The most senior British Army officer to be killed in action since the Falklands War was described as "a born soldier" who was "destined for greatness."
He is the most senior serviceman to be killed in Afghanistan since operations began in October 2001.
The 39-year-old, from Kirtlington, near Oxford, took command of the 1st Battalion in October last year and was in charge of more than 1,000 soldiers.
The Ministry of Defence also announced the death of trooper Joshua Hammond, of 2nd Royal Tank Regiment.
The 18-year-old was described by senior officers as a "superb soldier."
General Sir Richard Dannatt described Lt Col Thorneloe as "an outstanding commanding officer" who was at the "leading edge of his generation".
"His courageous, thoughtful stewardship of 1st Battalion Welsh Guards since October last year has seen them superbly prepared for the demands of Afghanistan, both in terms of their professional capability and their unbreakable spirit as a team," he said.
Prince Charles, who is understood to have known Lt Col Thorneloe well, was "deeply saddened," a Clarence House spokesman said.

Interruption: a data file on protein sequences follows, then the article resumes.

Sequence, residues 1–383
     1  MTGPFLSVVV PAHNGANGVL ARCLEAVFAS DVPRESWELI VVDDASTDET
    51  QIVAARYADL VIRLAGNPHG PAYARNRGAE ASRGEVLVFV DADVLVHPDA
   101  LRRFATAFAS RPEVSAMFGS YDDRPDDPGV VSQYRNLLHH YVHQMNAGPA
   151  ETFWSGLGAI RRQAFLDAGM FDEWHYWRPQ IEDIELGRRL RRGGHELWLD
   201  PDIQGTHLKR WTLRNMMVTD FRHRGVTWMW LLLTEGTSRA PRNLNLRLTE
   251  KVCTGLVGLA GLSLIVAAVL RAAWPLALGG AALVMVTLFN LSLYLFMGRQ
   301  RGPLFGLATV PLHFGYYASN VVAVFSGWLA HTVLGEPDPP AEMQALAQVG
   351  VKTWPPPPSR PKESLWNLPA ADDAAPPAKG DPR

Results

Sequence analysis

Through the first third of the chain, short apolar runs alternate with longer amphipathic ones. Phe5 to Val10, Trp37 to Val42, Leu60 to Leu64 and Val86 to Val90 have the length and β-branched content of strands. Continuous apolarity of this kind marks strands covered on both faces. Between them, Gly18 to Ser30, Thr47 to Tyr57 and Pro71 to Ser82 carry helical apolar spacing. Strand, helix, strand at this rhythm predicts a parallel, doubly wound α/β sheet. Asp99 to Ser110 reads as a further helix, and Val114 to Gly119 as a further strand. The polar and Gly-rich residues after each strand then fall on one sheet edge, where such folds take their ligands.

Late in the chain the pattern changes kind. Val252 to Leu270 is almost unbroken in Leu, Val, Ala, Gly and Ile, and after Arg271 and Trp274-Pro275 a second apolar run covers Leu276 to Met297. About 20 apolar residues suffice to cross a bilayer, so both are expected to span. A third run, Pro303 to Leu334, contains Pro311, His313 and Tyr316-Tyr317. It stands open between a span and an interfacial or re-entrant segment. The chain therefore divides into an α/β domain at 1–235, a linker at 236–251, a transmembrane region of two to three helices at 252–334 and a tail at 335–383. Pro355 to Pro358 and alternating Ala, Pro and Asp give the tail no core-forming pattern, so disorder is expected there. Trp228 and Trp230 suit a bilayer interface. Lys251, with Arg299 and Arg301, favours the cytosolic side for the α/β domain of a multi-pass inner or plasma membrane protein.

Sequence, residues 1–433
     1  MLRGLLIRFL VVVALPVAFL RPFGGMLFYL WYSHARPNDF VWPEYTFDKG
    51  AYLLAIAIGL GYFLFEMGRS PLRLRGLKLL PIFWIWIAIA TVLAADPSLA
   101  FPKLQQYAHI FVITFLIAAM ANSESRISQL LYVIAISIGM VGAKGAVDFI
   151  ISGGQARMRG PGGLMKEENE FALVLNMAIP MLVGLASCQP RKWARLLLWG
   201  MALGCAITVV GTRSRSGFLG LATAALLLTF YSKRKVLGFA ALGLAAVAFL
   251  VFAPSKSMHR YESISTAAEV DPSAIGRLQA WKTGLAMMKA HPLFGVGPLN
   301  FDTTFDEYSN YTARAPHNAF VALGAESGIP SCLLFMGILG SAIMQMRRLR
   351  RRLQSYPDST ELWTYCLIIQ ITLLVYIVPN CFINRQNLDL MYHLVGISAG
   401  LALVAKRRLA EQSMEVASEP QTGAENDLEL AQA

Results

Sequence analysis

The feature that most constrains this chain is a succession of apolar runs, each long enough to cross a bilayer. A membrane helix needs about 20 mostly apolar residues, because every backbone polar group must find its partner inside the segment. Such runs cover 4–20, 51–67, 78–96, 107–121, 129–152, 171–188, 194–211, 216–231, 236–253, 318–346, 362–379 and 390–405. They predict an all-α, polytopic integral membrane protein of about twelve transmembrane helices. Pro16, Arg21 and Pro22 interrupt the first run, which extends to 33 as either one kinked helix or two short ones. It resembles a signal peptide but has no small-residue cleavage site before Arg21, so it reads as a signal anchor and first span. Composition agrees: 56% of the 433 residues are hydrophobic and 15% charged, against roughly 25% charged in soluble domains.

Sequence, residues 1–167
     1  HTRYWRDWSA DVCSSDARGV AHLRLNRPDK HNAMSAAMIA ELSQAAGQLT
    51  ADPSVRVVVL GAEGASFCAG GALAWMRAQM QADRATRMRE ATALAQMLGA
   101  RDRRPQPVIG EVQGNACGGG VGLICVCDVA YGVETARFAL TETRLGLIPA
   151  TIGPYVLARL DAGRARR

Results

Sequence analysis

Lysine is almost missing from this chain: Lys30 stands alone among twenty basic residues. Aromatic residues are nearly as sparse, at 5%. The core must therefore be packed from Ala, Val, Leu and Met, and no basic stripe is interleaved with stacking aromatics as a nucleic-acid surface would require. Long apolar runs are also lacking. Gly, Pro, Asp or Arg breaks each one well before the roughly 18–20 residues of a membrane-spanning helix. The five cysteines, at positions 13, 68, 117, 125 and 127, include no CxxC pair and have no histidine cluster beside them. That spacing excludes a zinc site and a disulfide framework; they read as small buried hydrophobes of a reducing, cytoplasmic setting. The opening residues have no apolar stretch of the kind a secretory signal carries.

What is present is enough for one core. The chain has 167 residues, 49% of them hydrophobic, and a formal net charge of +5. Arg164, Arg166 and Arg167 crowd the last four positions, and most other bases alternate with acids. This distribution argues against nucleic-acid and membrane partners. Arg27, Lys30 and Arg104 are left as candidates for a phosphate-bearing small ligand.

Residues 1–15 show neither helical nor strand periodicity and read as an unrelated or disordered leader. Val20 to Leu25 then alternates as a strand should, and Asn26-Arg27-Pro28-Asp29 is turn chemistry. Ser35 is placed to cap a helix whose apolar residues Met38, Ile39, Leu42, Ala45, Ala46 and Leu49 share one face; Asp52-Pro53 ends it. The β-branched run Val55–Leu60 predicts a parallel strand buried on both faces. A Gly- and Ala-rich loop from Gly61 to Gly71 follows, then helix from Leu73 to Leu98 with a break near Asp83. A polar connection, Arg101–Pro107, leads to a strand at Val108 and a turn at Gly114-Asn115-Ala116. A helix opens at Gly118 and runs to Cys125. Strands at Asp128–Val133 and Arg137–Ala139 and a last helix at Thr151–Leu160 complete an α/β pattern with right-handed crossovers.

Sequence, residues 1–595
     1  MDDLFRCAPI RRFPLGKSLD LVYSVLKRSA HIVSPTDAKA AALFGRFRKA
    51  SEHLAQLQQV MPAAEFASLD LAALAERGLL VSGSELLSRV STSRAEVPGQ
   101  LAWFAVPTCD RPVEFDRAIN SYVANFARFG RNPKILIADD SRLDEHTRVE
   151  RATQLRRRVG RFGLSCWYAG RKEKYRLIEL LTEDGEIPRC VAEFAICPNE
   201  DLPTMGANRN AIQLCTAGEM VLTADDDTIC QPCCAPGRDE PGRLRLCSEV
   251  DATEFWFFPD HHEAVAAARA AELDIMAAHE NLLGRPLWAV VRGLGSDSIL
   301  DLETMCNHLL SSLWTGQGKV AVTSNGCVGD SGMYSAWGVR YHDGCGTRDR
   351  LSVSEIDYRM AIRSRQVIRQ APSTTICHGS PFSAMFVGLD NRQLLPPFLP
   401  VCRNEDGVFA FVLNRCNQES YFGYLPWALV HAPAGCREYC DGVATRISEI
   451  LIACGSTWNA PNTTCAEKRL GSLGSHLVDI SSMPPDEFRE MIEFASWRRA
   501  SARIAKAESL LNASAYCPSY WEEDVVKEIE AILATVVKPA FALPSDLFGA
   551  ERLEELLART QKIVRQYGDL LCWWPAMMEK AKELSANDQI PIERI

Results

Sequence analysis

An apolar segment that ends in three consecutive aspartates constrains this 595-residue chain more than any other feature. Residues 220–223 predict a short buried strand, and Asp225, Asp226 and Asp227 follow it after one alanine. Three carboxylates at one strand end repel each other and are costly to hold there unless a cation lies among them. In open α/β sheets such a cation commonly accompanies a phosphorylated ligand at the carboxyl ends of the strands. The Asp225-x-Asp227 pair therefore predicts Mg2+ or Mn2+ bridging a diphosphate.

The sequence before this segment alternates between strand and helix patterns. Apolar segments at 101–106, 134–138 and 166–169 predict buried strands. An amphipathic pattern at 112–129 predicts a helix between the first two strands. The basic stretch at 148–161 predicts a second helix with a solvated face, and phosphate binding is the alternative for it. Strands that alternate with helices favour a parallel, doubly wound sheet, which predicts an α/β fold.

Tpr Hammond, 18, who had been in the regiment for a little over a year, was said to be "a first class tank crewman" who was "popular with his comrades and a true family man."
Lt Col Thorneloe and Tpr Hammond were both killed while on the British operation Panthers Claw.
The operation was launched on June 19 to drive the Taliban out of strongholds in and around Babaji, north of Lashkar Gah in Helmand.
It has been bolstered by a new U.S.-led operation — named Khanjar, or Strike of the Sword — involving almost 4,000 US Marines and 650 Afghan troops.
Senior British officers acknowledge UK forces are stretched in Helmand but insist they are not being "bailed out" by the Americans.
The latest British deaths take the number of UK servicemen and women who have died in Afghanistan to 171.